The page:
Anti-Black racism, always just beneath the surface of polite racial discourse in the U.S., has exploded in reaction to the resistance of black youth to another brutal murder by the agents of this racist, settler-colonialist state. With the resistance, the focus shifted from the brutal murder of Freddie Gray and the systematic state violence that historically has been deployed to control and contain the black population in the colonized urban zones of North America, to the forms of resistance by African Americans to the trauma of ongoing state violence.
From Mr. Baraka’s incisive article:
“The contradictions of the colonial/capitalist system in its current expression of neoliberalism have obstructed the creation of decent, humane societies in which all people are valued and have democratic and human rights. What we are witnessing in the U.S. is a confirmation that neoliberal capitalism has created what Chris Hedges called “sacrificial zones” in which large numbers of black and Latino people have been confined and written off as disposable by the system. It is in those zones that we find the escalation of repressive violence by the militarized police forces. And it is in those zones where the people are deciding to fight back and take control of their communities and lives.”
There’s nothing to argue. Mr. Baraka lays out the entire dynamic apart from one thing: I find it odd that our current President is described as “Middle Class,” and that Mr. Baraka makes it a point to hold this same “Middle Class” accountable for its arguable collaboration with Power, i.e. the 1%.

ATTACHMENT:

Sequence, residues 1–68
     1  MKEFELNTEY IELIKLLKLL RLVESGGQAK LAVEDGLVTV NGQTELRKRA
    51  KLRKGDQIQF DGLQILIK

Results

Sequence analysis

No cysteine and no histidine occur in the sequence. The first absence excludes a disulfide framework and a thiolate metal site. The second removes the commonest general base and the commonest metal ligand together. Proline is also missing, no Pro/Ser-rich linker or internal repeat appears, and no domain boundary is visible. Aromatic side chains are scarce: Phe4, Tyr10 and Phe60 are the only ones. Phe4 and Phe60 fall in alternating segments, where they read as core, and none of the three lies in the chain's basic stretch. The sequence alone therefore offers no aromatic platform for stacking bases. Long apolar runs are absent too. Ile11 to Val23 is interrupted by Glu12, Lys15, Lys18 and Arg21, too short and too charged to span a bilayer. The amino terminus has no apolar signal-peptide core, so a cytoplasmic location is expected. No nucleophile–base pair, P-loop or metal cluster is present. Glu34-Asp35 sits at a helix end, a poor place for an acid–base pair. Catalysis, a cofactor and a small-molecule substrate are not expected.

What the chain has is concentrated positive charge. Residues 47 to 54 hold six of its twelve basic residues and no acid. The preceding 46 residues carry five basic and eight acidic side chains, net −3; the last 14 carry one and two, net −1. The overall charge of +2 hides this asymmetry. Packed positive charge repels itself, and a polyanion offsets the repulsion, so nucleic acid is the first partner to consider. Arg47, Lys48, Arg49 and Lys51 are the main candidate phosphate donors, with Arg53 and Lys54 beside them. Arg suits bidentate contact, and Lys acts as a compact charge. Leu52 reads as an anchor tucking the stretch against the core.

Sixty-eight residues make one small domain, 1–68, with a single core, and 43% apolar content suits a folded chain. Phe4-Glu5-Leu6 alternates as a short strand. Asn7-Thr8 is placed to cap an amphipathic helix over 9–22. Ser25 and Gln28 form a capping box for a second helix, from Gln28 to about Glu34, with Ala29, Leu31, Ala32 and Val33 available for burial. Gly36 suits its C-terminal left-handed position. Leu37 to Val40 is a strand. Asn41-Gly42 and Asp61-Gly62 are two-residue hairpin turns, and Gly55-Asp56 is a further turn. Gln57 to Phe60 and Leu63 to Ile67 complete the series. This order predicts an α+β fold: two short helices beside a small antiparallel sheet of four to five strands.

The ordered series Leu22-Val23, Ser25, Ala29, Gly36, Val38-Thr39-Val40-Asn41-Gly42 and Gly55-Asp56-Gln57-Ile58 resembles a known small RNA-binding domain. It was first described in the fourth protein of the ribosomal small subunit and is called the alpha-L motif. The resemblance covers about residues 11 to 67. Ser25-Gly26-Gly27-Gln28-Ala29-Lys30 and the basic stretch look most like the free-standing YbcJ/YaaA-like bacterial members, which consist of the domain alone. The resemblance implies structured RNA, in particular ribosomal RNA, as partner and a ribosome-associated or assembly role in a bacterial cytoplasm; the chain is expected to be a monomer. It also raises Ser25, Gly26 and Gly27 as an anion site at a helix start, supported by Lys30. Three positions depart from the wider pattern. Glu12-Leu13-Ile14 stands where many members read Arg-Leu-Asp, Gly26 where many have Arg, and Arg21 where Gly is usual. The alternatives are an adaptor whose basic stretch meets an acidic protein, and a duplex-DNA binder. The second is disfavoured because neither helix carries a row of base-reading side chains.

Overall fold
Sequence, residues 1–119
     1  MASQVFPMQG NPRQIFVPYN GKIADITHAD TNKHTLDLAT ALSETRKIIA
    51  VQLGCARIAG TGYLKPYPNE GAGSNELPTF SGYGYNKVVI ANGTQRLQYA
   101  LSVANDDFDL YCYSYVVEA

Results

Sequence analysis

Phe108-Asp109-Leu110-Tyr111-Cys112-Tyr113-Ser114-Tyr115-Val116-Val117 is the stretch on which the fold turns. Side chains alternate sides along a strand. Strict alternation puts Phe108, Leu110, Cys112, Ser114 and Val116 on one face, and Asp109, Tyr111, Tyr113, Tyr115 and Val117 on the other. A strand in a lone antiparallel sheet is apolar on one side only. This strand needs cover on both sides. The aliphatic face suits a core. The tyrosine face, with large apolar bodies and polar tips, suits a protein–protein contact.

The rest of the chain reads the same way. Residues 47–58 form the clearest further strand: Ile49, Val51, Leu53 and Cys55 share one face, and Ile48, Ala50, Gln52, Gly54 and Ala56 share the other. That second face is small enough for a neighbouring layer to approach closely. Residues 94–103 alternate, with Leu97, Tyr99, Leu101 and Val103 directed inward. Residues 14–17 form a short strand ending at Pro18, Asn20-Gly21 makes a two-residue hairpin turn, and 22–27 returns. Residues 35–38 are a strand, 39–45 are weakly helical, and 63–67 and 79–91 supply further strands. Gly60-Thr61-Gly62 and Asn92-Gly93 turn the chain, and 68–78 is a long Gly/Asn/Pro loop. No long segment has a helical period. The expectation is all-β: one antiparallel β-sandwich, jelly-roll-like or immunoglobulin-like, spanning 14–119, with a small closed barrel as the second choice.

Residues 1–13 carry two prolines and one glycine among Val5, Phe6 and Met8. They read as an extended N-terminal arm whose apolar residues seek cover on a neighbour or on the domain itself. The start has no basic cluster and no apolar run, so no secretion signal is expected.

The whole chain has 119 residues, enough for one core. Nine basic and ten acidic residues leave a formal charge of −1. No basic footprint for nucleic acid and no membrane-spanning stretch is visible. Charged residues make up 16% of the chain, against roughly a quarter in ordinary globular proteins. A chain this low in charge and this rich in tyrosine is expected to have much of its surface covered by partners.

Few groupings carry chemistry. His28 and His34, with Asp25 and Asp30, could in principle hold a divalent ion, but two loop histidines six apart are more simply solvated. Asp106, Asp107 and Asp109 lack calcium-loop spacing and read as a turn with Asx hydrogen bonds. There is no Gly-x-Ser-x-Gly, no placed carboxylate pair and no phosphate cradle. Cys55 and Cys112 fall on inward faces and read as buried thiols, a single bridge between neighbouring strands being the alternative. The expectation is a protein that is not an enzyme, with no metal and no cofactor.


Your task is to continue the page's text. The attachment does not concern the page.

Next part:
I think the definition for Middle Class is murky. So often it’s the declining Middle Class and its members that would align with the poor to make for a cohesive collective opposed to the oligarchic interests.
I don’t see the utility or accuracy of lumping powerful individuals who make a LOT of $ into some nebulous “Middle Class” reference.
Yesterday I had a frustrating conversation with a white male who struggled with the violence in Baltimore , including wondering why the rioters "trash their own neighborhoods’ : Logistically, they cannot go en masse (car-pool , take the transit, walk) to the wealthy areas and riot there, and in this case, they were hemmed in by a police force determined to contain the potential violence (it seems they took preemptive actions that actually precipitated the crisis) within the area. Of course the police will keep any dissent localized and the ensuing damage confined to the already neglected neighborhoods! It doesn’t take a genius to figure that out. Second, to his argument that violence never solves anything, and attacking the system is counter-productive, the endemic implicit and explicit violence being waged every second of every day on the spirits of these groups is so evil, so pervasive, and so long lived that it by far outweighs any rock throwing or car burning. Freire, in his outstanding work Pedagogy of the Oppressed argued that those who are seeking to throw off the shackles imposed by colonialism have the right to select their own methods. I expect a broader, more coordinated movement to emerge, just as the women’s movement is developing strategies designed to liberate them from millenia of oppression. These are instructive times.
Superb, eloquent analysis, as usual, from Baraka.
Great, powerful article!
Thanks for posting.
Light the fire
And damn the flame
One letter writer in my local paper actually called them terrorists and stated that we should have more police to control the problem.